Small business owners may be violating employment laws even as they are just trying to be good employers by being lenient and kind. Many of the problems arise from the fact that state laws vary enormously. But some of these mistakes are universal and are often prohibited by federal law.
Most small business owners aren’t lawyers and probably don’t know about the list of employment laws and also don’t have enough time to keep up with constantly changing employment laws for small businesses. Calling on an attorney to stay updated can be complicated, too. Still, it’s important for you to take the time to educate yourself so that you can keep your workers safe and happy. Here are a few of the ways companies often get in trouble with the law.
Often, employers are sued for failure to provide meal and rest periods for non-exempt employees who are improperly classified as exempt. An exempt employee is typically someone who is paid a specified amount of money — a salary — regardless of the number of hours worked per week. Under both state and federal law, these positions may be exempt from overtime requirements, as well as meal and rest breaks. Problems begin when employers pay everyone a salary, rather than dealing with meal and rest breaks, overtime, and timesheets.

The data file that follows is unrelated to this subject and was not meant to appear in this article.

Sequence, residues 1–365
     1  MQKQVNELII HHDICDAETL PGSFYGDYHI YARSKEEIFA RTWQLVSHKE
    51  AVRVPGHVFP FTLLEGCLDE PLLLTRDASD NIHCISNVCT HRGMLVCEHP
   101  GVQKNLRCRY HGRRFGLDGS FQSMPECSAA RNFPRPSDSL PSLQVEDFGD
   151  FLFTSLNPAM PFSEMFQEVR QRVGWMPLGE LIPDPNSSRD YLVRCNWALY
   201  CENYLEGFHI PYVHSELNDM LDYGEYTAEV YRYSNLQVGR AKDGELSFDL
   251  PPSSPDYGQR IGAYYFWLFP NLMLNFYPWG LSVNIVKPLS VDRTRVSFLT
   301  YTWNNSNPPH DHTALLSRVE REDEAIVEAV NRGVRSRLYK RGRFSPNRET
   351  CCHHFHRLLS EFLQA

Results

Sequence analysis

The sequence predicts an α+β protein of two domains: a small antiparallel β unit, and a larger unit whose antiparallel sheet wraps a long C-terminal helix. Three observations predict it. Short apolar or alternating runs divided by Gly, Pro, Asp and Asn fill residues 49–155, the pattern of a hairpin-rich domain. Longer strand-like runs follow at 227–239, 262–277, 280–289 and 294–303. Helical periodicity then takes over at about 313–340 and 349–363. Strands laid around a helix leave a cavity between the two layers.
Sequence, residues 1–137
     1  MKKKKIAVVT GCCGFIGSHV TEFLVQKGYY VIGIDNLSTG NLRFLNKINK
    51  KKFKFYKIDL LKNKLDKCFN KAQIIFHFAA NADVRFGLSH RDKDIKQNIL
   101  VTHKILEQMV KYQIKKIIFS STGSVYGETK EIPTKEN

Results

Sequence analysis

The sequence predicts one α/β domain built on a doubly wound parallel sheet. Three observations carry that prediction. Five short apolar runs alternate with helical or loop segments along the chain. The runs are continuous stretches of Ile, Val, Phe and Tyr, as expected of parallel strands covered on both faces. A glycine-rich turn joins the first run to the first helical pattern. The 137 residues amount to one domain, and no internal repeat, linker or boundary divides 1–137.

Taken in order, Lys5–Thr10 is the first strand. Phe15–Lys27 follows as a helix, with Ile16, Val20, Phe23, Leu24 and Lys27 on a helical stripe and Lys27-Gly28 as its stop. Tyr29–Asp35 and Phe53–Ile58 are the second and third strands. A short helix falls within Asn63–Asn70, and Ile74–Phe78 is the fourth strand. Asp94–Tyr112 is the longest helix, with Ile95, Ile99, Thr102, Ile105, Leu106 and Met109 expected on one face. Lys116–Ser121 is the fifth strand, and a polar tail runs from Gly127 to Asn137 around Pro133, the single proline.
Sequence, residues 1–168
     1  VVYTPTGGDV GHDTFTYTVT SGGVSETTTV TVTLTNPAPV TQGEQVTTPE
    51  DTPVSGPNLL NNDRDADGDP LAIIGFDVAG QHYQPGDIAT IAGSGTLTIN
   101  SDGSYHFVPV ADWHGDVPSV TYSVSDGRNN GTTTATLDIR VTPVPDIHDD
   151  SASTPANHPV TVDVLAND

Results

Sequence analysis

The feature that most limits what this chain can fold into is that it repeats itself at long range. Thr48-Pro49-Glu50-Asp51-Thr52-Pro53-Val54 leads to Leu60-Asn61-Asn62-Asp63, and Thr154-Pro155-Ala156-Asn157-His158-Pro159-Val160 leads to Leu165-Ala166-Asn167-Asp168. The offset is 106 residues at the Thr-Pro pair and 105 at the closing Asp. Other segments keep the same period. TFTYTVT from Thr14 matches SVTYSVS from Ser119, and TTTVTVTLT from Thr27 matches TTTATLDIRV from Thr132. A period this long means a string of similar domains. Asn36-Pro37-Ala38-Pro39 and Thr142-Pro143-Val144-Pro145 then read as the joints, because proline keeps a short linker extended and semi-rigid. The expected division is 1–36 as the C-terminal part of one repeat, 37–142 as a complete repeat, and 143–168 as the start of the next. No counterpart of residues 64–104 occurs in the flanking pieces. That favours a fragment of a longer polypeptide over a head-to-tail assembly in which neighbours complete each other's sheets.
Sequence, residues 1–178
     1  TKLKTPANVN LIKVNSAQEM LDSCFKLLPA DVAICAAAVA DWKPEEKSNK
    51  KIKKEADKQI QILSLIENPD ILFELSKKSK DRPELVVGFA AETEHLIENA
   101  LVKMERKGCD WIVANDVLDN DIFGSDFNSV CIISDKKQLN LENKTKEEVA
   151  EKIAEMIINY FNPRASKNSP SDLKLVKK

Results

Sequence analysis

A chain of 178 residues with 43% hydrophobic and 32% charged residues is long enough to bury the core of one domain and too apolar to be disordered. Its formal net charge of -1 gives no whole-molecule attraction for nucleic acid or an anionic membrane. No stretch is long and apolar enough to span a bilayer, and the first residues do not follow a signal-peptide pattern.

Employment Laws for Small Business:
Don’t be fooled because Federal law doesn’t require this or that. While federal law doesn’t require employees to be given lunch or coffee breaks, certain states require that non-exempt employees get 30-minute lunch breaks, plus breaks for hours worked during the day. Laws even stipulate when the break must be given. In some states, a meal break must be provided no later than the end of the employee’s fifth hour of work. So giving employees the option of skipping lunch to get out of work early is a law-breaker.
Terminating employees for taking a leave of absence is illegal. The law protects employees from being fired for taking family or medical leave, military leave or for serving on jury duty.
Giving employees loans and deducting repayments from their pay checks is also problematic. Most states don’t permit employers to deduct anything other than pay and benefits from employee paychecks. Instead, have the employee sign a promissory note with the oversight of a lawyer and arrange a regular schedule of repayments.
It’s tempting to be the small business owner who wants to let your new employees work in a less-structured environment. You may allow your employees to set their own work hours. You may lend your employees money and then deduct the loan from their payroll. Think hard before going down this road. Your relaxed work environment could be violating state or federal labor laws. It may be your desire to be a flexible, kind, and loved employer. However, you are not running a popularity contest, you are running a business. Get on the right track before you hire your first employee by creating an employee handbook and ensuring you are following the law.